Ahmed responded with a letter to the editor, published by Vanity Fair, asserting that Hitchens's article contained "major inaccuracies": "Hitchens’s reduction of me to 'conspiracy-mongering' and as having a 'one-room sideshow' institute is contrasted by the fact that I’m an academic at the University of Sussex; my book, The War on Freedom, was used by the 9/11 commission; I’ve testified before the U.S. Congress; I’ve given evidence to a U.K. parliamentary inquiry; and my institute is advised by a board of 20 leading scholars. Hitchens also bizarrely targets my first publisher, which is not 'deceased' but is in fact a flourishing alternative news source." Hitchens offered a further reply in the magazine: "On reflection and on a rereading of his 'book,' I would change my original article and remove the word 'risible.' A more apposite term for both the author and his illiterate pages would be 'contemptible.'"[14]

As no further right of reply was permitted, Ahmed followed up with a detailed critique of Hitchens' attack on both himself and Gore Vidal in a feature article published by The Independent on Sunday. He argued that:

the pre-9/11 intelligence failure was not simply because of a lack of reliable intelligence, or because intelligence bureaucracy was hopelessly incompetent (which it was and is), but ultimately because the Bush administration made political decisions that obstructed critical intelligence investigations and ongoing information-sharing that could have prevented 9/11. Those decisions were made to protect vested interests linked to US support of Islamist extremist networks like the Taliban and their state-sponsors, such as the Gulf kingdoms, rooted in Western oil dependency and intersecting financial investments. The inadequacy of the 9/11 Commission investigation, in this regard, is an open secret to many intelligence experts.[15]

He went on to discuss overlooked evidence that the US air defence failure on 9/11 was due to the latter having been contracted out to an obscure firm, Ptech, with connections to Saudi-sponsored and al-Qaeda linked terrorists and terrorist-funders, which was able to interfere with the FAA and other agencies.[15]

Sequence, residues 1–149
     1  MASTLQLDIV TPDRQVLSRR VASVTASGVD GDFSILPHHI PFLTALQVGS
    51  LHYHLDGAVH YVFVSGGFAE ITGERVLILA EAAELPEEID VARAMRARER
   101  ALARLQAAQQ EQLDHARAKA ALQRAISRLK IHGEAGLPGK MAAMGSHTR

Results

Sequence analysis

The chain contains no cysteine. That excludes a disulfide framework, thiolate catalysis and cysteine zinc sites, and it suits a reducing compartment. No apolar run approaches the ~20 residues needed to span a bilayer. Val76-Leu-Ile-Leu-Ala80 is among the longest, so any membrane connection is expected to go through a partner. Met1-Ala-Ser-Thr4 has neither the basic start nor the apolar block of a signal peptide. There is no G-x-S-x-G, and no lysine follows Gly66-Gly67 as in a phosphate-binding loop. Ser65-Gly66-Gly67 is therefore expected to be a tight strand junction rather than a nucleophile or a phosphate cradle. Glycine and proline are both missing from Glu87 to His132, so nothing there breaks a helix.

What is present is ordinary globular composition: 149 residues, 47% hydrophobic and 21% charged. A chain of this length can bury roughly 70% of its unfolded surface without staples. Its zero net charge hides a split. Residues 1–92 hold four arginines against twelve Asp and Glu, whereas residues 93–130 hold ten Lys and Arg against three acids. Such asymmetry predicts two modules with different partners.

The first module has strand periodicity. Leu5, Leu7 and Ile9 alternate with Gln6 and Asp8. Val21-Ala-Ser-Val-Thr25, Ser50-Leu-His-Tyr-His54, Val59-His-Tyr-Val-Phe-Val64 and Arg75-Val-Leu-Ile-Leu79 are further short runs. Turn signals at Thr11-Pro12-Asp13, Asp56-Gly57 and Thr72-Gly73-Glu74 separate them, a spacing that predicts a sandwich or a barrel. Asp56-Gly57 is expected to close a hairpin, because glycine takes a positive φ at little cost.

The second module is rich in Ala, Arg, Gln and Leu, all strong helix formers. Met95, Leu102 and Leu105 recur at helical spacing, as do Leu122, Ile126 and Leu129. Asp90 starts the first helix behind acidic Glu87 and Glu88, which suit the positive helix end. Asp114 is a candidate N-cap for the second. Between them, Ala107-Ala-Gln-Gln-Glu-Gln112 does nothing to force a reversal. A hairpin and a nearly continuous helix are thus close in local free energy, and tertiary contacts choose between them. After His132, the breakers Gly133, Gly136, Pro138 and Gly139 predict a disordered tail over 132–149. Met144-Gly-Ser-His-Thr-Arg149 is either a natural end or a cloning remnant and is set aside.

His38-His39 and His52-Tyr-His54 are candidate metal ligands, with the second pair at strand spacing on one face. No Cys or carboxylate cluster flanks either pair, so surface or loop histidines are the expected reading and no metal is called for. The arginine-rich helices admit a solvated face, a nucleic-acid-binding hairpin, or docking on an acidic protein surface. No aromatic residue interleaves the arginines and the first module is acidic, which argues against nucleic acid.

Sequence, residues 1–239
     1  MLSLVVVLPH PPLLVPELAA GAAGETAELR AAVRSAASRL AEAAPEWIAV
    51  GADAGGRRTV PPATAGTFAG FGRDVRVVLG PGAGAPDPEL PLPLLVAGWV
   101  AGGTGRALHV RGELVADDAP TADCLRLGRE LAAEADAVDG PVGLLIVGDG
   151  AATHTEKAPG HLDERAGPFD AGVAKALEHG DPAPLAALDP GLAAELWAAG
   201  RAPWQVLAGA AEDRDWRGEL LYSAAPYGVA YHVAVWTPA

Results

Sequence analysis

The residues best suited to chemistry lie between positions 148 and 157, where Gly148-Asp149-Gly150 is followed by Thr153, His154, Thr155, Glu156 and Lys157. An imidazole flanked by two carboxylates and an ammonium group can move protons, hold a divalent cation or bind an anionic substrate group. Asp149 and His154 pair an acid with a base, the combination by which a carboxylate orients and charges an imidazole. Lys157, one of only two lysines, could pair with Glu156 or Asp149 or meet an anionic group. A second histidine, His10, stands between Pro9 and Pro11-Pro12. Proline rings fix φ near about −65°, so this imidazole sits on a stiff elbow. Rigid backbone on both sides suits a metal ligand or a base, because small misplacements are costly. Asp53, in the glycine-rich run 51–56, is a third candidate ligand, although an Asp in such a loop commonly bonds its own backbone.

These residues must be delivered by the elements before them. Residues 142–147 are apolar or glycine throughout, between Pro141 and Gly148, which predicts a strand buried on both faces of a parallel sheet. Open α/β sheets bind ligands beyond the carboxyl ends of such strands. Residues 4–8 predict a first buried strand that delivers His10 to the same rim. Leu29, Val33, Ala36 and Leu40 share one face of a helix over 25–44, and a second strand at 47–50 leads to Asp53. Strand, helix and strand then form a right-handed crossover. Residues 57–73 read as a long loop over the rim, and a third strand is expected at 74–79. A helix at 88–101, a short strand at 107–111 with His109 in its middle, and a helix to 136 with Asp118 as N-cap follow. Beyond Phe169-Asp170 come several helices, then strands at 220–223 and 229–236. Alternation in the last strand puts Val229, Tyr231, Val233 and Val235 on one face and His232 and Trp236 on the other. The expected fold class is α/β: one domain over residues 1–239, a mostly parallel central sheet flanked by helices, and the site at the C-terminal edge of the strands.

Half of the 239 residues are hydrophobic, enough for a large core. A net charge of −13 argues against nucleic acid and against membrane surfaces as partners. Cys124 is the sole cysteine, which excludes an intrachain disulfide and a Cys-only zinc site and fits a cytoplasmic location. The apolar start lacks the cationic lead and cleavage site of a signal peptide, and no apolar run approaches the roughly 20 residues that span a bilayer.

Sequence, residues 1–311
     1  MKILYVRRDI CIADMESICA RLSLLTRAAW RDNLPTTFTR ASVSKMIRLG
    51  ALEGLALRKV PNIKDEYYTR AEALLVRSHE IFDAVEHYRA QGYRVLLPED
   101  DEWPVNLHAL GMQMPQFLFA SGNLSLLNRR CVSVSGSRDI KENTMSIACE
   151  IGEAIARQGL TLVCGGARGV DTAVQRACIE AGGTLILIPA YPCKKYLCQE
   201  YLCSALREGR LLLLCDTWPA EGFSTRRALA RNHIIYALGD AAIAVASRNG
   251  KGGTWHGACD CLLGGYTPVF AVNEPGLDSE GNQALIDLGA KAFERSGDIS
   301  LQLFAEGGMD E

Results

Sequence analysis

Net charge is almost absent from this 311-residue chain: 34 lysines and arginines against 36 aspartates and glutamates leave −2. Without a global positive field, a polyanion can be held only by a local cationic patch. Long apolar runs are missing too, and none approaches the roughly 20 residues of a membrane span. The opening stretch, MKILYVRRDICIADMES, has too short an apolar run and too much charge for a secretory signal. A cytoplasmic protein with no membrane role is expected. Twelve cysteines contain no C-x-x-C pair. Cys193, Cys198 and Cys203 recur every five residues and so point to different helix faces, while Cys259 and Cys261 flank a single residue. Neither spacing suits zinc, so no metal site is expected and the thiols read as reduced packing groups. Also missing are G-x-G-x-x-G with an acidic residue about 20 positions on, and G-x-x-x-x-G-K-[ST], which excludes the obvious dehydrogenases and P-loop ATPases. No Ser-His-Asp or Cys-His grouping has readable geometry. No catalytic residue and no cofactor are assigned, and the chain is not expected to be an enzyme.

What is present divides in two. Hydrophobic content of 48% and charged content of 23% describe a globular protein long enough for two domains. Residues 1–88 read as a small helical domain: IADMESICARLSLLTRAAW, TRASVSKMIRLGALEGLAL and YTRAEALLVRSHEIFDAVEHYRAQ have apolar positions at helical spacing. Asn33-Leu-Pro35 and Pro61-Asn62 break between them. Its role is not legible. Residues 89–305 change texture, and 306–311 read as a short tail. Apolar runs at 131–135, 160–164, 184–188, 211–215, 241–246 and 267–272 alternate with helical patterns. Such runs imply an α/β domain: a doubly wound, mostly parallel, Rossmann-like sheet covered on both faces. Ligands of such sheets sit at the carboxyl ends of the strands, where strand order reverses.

On the same day, The Independent on Sunday ran a news story on the whole episode, reporting that Ahmed "had not suggested there was a conspiracy [on 9/11], rather a 'dereliction of duty'", and that he had "used the word 'complicity' in a legal sense."[16]

Nafeez Ahmed and Discover magazine[edit]

In 2014, Discover, an American general audience science magazine, published a blog article by Keith Kloor concerning Ahmed's Guardian article[17] about a supposedly "NASA-sponsored" and funded study of about the collapse of industrial civilisation.[18] Kloor objected to the lack of independent responses to the paper, yet to be published at the time, from other scholars in the field. A second post on the study by Kloor detailed serious reservations by specialists on the collapse study leading to an assertion that Ahmed had made an "uncritical appraisal".[19] The story was reported internationally by other media outlets, but Ahmed's claims about NASA were officially rejected.[18] In a statement, NASA commented that the collapse study "was not solicited, directed or reviewed by NASA. It is an independent study by the university researchers utilizing research tools developed for a separate NASA activity. As is the case with all independent research, the views and conclusions in the paper are those of the authors alone. NASA does not endorse the paper or its conclusions."[18]

Ahmed disputed the claim that NASA funding had not supported the study by quoting its notice to that effect, and asserted that the paper's authors backed his earlier comments.[20]

Discover has labelled Ahmed as a "doomer." A December 2013 blog post by Kloor asserts: "Once someone starts down this civilization-is-collapsing road, like Guardian blogger Nafeez Ahmed, it’s hard to stop. If you want a tour guide to the apocalypse, Ahmed is your guy."[21] A March 2014 blog post says: "Like the most warped fundamentalists who exploit tragedy, the merchants of eco-doom also cynically seize on current events. On this score, nobody rivals Nafeez Ahmed (the UK Left’s faux-scholarly equivalent to Glenn Beck), who has an unquenchable appetite for peak-everything porn."[22]

Ahmed rejected the characterisation of his work as being marked by "doom" following his first post on the collapse study. In March 2014, he wrote in his Guardian blog: "Rather what we are seeing ... are escalating, interconnected symptoms of the unsustainability of the global system in its current form. While the available evidence suggests that business-as-usual is likely to guarantee worst-case scenarios, simultaneously humanity faces an unprecedented opportunity to create a civilisational form that is in harmony with our environment, and ourselves."[23]

The Crisis of Civilization[edit]

Promotional Poster for The Crisis of Civilization. Design: Abby Martin

Following the release of Ahmed's 2010 book, A User's Guide to the Crisis of Civilization: And How to Save It, a chance meeting with filmmaker Dean Puckett led to the development of a feature documentary, The Crisis of Civilization.[24]

Critical reception[edit]